There are many facets to WWII history and my favorite way to learn about them is through historical fiction. In “The Secret Road Home,” author Robert Wise retells the story of an American Air Force pilot who was shot down at the German/Belgium border and rushed through the underground to escape into England. The whole book is a tribute to the unsung heroes of the underground who fought for freedom in their hometowns for a cause they considered life worthy.
For a World War II book, I considered “The Secret Road Home” more of a light read, but very fast paced and well written. The book covered a lot of ground (physically and figuratively) and I think that’s what made it a lighter read. Usually, books on this topic can be very deep and deal with tragic themes. Though we do deal with a little bit of that in Jack Martin’s story, each chapter moves fast enough that you’re focused more on what’s ahead than what’s behind. On the other hand, this escape story does have deaths in it and focuses on the fact that a lot of people can lose their lives in a short period of time if caught at the wrong time by the Nazi. Expect to meet a lot of people in this book – Dutch, French and German – who would bravely sacrifice themselves to save others. Interactions with these supporting characters will be brief, but memorable.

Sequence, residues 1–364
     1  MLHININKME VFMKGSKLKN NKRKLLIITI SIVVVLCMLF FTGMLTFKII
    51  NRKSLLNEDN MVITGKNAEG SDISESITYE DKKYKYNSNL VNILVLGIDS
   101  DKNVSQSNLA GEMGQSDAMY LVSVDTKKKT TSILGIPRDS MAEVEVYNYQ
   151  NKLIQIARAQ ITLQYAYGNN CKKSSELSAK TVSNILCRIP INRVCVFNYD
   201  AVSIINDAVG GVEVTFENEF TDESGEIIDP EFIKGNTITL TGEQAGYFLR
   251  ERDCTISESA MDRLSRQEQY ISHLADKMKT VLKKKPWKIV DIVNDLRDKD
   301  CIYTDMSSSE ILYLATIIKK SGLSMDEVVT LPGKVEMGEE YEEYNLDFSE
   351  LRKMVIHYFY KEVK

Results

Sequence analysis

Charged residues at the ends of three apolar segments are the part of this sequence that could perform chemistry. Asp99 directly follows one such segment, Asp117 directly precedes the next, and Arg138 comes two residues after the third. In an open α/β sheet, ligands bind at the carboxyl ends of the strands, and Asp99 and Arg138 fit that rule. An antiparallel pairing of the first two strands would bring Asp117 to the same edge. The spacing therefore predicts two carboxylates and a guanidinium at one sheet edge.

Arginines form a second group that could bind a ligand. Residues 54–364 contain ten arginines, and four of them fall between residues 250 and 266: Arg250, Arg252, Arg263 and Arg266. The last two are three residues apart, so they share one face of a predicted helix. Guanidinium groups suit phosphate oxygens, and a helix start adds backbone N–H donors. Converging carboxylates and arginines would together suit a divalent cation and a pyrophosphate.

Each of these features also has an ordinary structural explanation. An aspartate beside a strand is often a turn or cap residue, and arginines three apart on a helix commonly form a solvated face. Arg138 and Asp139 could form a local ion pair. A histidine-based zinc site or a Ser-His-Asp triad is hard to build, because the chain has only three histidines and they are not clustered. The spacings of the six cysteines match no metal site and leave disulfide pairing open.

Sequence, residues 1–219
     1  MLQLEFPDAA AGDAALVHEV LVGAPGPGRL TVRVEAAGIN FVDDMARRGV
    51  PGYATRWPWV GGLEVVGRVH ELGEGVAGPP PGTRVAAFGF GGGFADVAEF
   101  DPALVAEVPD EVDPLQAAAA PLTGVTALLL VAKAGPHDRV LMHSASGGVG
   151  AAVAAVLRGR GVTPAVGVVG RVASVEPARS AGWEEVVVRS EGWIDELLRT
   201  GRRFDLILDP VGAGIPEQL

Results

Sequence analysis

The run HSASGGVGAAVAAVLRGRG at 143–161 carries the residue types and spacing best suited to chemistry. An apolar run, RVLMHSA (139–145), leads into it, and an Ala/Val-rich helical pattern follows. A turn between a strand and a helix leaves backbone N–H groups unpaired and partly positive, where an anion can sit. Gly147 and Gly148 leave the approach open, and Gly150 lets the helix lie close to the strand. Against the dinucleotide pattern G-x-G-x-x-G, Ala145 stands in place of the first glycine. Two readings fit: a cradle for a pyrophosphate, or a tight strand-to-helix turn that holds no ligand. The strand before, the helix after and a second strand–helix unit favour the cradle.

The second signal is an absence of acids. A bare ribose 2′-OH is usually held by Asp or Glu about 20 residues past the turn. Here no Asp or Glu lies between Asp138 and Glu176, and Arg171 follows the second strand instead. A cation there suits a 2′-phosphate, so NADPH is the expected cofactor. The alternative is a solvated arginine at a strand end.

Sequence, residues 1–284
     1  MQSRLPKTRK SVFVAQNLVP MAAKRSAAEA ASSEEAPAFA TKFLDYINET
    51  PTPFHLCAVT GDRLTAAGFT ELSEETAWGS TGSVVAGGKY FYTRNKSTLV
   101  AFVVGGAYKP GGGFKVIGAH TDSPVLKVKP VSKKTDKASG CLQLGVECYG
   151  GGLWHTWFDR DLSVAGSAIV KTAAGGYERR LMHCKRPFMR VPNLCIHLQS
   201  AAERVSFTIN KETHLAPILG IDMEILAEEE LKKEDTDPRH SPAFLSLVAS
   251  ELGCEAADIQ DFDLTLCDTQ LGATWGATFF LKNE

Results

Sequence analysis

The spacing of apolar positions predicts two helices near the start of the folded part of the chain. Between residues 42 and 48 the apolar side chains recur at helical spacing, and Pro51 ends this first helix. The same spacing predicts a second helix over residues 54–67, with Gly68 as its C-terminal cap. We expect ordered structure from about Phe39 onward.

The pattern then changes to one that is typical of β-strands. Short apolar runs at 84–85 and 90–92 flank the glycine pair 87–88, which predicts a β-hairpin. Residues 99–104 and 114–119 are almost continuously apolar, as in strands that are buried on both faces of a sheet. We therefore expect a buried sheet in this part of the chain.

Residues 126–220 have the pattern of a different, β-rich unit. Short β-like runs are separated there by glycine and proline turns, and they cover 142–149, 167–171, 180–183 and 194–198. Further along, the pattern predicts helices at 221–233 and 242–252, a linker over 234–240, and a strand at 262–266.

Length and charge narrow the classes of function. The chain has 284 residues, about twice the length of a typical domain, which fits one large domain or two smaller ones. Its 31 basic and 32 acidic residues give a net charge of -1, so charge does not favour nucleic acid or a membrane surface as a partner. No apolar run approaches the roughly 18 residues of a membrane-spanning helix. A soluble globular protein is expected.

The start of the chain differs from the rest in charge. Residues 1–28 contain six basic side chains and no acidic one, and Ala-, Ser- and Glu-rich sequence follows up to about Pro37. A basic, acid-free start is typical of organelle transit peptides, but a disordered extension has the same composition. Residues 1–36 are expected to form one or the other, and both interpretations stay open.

Conclusion: This was a great book and one I wouldn’t hesitate to recommend to those who enjoy fiction WWII fiction. Or, if you’ve never read WWII fiction before and are curious, but not sure how the sadness of the whole thing would affect you, this would be a good book to start with. There’s a lot to be learned from this time period in history and Jack’s story. Great characters. Great theme. Great bravery by those who have gone before us.